COMING SOON! PQDT Open is getting a new home!

ProQuest Open Access Dissertations & Theses will remain freely available as part of a new and enhanced search experience at www.proquest.com.

Questions? Please refer to this FAQ.

Dissertation/Thesis Abstract

What Role Can Social Cognitive Neuroscience Play in Promoting Prosocial Behaviors in Organizations
by Forbes-Zeller, Lynne, M.S., Pepperdine University, 2020, 87; 28257871
Abstract (Summary)

The purpose of this research is to establish a correlation between the integration of Social Cognitive Neuroscience (SCN) frameworks (e.g., The SCARF model) into day-to-day social interactions in the workplace. The study also sought to determine whether SCN practices can increase prosocial behaviors and improve a leader's influence. This qualitative study had four phases: an educational video, a self-assessment, a learning workshop, and an experiential learning exercise. Data were collected through eight interviews. This study revealed that understanding the brain's influence in social environments increased prosocial behaviors and positively impacted leader thoughts and actions. Data showed taking the self-assessment, learning and applying SCN research findings, and practicing The SCARF model altered all of the interviewees' awareness of self and others. For seven participants, it increased emotional intelligence (EQ) and skill-building. For six participants, their new insights led to modification of behavior, and this increased leader influence.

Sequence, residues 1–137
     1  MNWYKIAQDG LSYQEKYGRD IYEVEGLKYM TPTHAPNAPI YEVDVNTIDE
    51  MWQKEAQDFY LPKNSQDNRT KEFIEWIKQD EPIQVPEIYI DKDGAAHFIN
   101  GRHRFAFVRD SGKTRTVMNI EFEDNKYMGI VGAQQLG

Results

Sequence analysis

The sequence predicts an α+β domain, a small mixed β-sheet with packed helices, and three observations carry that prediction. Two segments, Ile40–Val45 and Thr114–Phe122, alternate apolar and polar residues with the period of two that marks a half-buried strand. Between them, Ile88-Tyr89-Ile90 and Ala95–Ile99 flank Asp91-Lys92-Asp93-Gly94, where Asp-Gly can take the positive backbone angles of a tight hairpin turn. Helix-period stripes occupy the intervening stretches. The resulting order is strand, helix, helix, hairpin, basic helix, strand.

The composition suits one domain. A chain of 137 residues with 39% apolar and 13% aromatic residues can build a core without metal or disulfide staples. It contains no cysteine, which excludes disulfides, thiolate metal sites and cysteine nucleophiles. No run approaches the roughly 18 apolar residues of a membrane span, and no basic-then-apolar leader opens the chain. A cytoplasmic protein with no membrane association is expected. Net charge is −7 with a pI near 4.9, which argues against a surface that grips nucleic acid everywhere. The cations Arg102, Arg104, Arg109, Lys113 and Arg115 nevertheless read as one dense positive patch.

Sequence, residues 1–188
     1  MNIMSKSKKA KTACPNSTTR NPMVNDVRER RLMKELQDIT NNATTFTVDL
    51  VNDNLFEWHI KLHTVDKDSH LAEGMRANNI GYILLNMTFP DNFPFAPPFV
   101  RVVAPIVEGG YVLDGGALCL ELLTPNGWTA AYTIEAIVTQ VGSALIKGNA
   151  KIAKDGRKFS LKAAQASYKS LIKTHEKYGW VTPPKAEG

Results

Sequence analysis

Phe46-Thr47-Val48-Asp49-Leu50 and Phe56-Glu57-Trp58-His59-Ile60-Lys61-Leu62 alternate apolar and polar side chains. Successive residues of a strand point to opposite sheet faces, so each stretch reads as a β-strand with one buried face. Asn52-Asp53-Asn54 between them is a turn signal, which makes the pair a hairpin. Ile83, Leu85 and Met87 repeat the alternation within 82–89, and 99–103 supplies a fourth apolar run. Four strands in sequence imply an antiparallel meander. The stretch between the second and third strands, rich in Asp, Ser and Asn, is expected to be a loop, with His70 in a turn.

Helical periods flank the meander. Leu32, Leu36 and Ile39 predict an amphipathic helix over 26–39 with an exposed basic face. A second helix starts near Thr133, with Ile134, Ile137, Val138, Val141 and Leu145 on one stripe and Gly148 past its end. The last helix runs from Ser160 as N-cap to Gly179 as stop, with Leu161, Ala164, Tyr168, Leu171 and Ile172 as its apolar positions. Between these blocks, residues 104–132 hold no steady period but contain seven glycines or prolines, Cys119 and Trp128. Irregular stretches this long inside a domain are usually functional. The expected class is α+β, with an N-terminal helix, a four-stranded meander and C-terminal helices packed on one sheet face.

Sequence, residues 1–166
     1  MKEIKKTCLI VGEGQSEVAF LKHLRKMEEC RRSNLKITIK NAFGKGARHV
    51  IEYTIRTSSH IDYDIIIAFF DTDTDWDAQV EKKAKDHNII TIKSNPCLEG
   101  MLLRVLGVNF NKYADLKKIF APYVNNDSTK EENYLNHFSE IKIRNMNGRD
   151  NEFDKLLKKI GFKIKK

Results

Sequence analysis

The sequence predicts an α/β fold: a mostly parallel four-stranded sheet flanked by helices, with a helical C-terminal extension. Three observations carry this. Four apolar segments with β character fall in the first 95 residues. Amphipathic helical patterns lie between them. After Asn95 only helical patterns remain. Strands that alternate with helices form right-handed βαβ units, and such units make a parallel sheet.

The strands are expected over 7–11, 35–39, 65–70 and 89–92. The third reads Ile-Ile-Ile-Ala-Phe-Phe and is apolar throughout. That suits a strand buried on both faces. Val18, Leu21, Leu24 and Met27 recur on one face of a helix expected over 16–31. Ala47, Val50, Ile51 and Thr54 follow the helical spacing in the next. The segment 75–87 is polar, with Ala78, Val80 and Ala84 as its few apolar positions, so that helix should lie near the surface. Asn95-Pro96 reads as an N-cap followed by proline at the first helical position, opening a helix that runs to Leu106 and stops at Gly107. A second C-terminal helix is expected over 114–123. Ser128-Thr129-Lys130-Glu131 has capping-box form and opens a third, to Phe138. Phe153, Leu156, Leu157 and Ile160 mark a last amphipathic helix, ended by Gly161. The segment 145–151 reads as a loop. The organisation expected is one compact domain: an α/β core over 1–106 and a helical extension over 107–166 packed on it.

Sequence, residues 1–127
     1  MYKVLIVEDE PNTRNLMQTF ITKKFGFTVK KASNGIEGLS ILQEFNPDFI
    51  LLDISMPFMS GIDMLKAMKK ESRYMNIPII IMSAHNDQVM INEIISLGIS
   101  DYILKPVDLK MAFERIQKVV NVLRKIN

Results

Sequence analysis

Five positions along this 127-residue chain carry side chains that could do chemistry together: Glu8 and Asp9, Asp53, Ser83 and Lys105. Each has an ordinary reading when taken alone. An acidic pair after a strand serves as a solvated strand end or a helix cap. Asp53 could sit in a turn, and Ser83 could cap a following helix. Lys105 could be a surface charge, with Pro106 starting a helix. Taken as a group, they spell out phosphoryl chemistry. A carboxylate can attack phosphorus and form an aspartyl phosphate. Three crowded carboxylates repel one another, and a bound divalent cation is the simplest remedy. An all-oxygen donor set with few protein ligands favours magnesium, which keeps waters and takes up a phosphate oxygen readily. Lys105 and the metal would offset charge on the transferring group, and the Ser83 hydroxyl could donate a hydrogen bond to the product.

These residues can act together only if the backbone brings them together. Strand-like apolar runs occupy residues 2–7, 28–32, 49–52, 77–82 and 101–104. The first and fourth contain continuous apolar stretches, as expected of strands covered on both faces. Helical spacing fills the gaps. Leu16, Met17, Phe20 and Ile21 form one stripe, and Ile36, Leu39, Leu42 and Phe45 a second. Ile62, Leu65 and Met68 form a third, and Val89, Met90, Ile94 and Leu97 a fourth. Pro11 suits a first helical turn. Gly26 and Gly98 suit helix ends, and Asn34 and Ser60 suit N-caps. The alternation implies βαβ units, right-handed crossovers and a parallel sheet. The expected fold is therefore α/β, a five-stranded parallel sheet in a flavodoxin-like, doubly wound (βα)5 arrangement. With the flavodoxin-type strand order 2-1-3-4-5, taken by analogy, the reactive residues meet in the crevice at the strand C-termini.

Indexing (document details)
Advisor: Lacey, Miriam
Commitee: Egan, Terri
School: Pepperdine University
Department: Organizational Development
School Location: United States -- California
Source: MAI 82/6(E), Masters Abstracts International
Source Type: DISSERTATION
Subjects: Organizational behavior, Neurosciences
Keywords: Leadership development, Prosocial behavior, Social cognitive neuroscience, SCARF Model, Workplace performance
Publication Number: 28257871
ISBN: 9798698560012
Copyright © 2021 ProQuest LLC. All rights reserved. Terms and Conditions Privacy Policy Cookie Policy
ProQuest